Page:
When a marriage ends, the divorcing parties are tasked with dividing up all the marital property between them. Pets are currently considered property from a legal perspective. Many people feel as though pets are part of their family, but divorce laws do not reflect this belief yet. In the process of dividing marital property, a court will make a determination on who will own the pet if the two divorcing parties cannot come to an agreement.
How Does the Court Divide Up Marital Property?
How courts divide up property varies based on which state you live in. Most states follow equitable distribution principles, in which courts pay attention to who earned, purchased, or is listed as owner on pieces of marital property.
Arizona, California, Idaho, Louisiana, Nevada, New Mexico, Texas, Washington and Wisconsin are known as community property states. Divorce courts in these states view almost everything that was acquired during the marriage as marital property, regardless of who acquired the property and whose name is listed as owner on the property.
Will the Court Consider Pet and Human Relationships?
Child custody laws vary by state as well. Custody and visitation issues are worked out in divorce proceedings that are separate from property distribution issues. Children are not considered personal property. However, community property courts may take into consideration factors that might look similar to child custody when distributing pets:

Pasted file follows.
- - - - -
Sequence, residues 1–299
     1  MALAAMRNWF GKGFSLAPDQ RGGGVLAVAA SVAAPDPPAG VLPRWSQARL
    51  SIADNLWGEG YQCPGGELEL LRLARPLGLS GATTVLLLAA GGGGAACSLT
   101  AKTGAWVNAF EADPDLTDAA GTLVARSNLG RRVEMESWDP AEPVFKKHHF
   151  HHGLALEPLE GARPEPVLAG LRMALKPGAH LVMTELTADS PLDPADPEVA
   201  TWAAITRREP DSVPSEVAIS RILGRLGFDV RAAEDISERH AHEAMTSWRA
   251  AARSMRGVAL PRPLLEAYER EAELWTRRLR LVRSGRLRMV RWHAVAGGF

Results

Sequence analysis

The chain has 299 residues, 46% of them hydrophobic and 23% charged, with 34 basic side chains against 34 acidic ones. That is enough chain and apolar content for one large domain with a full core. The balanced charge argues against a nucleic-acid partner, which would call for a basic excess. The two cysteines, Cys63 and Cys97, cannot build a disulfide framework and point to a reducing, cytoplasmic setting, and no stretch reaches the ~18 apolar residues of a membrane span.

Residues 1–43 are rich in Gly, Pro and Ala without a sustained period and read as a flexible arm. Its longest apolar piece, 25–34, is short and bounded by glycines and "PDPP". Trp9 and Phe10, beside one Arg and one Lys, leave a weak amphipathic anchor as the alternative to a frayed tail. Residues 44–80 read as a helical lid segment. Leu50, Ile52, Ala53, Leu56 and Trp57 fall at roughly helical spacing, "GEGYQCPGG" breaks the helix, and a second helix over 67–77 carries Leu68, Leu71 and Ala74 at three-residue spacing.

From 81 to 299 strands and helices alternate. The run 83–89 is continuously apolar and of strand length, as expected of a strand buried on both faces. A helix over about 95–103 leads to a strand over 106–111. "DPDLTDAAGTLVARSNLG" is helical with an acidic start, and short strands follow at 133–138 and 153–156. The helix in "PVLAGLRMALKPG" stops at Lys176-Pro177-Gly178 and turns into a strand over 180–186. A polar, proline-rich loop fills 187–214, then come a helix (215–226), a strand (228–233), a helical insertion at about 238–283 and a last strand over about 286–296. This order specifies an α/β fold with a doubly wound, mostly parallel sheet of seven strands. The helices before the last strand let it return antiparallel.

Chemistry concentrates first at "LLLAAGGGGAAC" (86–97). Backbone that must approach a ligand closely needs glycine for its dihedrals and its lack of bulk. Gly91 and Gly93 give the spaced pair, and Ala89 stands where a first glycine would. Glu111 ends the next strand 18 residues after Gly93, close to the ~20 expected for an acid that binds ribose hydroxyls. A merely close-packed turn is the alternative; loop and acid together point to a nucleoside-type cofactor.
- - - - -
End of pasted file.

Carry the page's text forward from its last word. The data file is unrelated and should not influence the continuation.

- As people have become more attached to their pets, courts may take a number of considerations into account when deciding which party should be awarded the pet.
- Who purchased or adopted the pet
- Who tended to the animals daily needs for food, exercise, grooming, vaccinations, and vet visits
- In the case of social animals such as dogs, who took the dog for walks and play dates with other dogs or other people
- Who obtained and updated licenses
- Who complied with leash laws and other local pet ordinances
The court may also take into account which party took custody of the pet, and the quality of care given to the pet, during the separation period. Pets do best with consistent schedules. During stressful times, such as when a divorce is pending, the party that can provide the best quality of care to the pet can present evidence of that care during property distribution proceedings.
Do I Need a Lawyer?
Everyone who is getting divorced, or considering divorce, should talk to a family lawyer. The separation and property distribution process is different in every state, and with your pet at stake, it is important to have all your personal interests represented by a knowledgeable and experienced attorney.